To flatlanders, climbing a mountain may seem like a straightforward task. After all, from down below and at a distance, the summit can be seen clearly, even obviously. But experienced mountaineers know they face a different perspective when they hit the trail toward the top.Specifically, as climbing angles steepen, the summit in their view - seemingly so easily conquerable - is nothing more than a "false summit." False summits are intervening ridges or other terrain features that are positioned between the climber and the real pinnacle in such a way that the latter is obscured.
Many have struggled to clamber what they think are the last few feet, only to come face to face with the reality that they have not reached the summit at all. Some turn back, having expended their energy, muttering something about at least getting that far, while the hardy and the committed regroup and press on to the top.
The conceptual framework
We have constructed this mental image as a metaphor that describes the joint effort of the Financial Accounting Standards Board and the International Accounting Standards Board to revise, refresh and otherwise renew their separate conceptual frameworks into one jointly issued document that purportedly will guide them in evaluating existing financial reporting practices and in creating new ones through new standards.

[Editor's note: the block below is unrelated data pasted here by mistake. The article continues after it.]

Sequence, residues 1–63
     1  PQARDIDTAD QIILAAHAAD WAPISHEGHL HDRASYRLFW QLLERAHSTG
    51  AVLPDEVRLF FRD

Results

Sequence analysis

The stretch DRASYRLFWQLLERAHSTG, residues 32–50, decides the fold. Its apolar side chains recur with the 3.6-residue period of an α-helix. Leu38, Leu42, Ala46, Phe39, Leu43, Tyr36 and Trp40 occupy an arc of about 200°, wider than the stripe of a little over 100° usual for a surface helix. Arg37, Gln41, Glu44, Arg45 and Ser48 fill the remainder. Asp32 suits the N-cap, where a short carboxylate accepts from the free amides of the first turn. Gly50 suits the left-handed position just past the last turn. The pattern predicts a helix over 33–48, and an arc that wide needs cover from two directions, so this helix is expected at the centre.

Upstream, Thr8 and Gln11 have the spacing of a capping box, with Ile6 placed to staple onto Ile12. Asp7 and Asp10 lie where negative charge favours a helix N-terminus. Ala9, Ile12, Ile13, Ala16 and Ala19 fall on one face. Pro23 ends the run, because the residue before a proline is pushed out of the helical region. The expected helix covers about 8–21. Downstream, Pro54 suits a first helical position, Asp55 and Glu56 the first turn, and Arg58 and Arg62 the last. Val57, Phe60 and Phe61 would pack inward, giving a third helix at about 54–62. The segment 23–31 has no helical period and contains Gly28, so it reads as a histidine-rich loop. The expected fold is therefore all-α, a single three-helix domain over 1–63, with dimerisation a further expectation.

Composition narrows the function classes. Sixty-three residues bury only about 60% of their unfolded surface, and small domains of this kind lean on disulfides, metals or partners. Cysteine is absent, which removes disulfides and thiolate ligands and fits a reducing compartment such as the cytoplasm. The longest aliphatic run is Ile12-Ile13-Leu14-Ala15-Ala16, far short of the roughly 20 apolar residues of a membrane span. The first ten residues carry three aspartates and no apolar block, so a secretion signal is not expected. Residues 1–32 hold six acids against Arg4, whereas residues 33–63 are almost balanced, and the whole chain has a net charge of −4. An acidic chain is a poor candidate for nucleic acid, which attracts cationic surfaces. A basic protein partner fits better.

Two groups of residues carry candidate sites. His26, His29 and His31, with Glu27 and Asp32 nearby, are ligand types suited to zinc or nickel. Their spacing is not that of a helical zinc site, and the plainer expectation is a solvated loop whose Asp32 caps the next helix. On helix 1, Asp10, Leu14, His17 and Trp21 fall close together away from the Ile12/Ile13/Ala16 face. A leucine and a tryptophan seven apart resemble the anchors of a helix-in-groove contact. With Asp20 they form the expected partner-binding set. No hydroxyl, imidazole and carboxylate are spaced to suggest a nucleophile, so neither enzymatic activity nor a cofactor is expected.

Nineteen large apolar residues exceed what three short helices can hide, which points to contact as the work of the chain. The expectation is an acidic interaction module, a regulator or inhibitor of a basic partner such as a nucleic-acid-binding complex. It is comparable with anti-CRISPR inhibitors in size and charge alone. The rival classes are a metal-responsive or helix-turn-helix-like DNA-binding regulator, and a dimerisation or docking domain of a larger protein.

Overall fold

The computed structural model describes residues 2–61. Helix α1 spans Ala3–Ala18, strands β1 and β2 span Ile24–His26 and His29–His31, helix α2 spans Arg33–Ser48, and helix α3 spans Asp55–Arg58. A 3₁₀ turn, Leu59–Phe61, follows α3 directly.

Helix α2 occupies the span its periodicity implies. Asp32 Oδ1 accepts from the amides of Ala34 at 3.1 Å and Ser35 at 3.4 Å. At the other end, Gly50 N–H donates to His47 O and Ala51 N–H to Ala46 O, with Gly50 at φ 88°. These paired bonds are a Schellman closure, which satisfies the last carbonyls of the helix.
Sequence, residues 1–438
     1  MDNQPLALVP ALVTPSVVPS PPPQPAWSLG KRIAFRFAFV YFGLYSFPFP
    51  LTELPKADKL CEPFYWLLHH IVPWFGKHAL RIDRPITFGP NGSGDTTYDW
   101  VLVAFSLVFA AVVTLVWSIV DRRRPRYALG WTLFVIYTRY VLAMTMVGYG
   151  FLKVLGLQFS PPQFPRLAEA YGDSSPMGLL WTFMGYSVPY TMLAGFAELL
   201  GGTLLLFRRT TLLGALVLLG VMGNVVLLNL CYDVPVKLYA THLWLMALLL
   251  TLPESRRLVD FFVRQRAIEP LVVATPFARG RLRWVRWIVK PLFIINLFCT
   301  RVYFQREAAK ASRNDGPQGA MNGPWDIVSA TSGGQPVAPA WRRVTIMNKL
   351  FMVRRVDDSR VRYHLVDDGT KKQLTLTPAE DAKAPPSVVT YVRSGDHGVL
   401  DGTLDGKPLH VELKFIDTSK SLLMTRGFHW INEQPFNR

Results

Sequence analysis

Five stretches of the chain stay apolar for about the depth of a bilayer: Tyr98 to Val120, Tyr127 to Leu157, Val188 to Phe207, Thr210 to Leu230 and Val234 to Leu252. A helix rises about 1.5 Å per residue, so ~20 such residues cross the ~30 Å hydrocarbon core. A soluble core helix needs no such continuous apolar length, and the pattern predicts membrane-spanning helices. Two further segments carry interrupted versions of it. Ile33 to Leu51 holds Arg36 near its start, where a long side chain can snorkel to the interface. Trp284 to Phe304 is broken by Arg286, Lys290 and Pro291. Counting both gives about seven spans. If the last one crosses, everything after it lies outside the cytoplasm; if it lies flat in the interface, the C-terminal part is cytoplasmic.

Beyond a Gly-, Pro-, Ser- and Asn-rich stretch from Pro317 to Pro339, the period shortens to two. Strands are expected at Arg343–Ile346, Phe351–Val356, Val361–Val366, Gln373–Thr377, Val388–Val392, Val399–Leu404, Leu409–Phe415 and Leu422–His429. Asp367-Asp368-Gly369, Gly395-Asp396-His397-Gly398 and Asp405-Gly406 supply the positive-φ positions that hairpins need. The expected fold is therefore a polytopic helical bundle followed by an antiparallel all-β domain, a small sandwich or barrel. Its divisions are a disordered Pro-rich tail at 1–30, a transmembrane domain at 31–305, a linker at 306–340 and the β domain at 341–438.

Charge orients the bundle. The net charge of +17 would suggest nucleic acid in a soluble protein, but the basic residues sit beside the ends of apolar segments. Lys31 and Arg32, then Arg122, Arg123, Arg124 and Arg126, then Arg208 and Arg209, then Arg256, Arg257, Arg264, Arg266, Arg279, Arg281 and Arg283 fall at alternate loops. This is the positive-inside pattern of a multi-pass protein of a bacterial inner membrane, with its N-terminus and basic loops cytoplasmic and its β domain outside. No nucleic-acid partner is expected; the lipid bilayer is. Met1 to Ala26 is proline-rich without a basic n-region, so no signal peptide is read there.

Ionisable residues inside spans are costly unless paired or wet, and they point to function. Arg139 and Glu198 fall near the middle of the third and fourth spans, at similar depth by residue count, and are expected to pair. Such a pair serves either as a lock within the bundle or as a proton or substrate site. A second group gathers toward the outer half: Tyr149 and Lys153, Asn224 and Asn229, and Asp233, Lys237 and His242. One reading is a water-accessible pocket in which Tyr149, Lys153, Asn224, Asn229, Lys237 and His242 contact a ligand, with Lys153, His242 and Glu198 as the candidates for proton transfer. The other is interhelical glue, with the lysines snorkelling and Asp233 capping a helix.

Regardless of how it's looked at, this project is pivotal to the future of public financial reporting in the United States and the global economy. As we have said elsewhere, it represents a once-in-a-generation opportunity to not only set the direction for the future, but to also repair the damage that has been done in the past with politically compromised standards that do not deliver the needed information.
FASB's original framework was put in place in the 1970s and 1980s by the senior leaders of that generation. Now, a quarter-century later, the current senior generation faces the responsibility of leaving a stronger and more helpful legacy than its predecessors. Importantly, if our generation fails, the global economy could be saddled with the same sort of incomplete, misleading and even false financial statements and reports that are published today.
Just to be clear - a conceptual framework doesn't alter generally accepted accounting principles directly; however, a framework can make it more difficult to rationalize living with old bad standards or creating new ones. That's what makes this effort so important for the future.
What's happening now?
The current project is, well, huge. It involves staff teams on both sides of the Atlantic, and several of the senior staff were involved with the original endeavor of so long ago. As a result, the group has the advantage of knowing the route to the top on which the old FASB stumbled and stopped at the false summit expressed in SFAC 5 on Recognition and Measurement.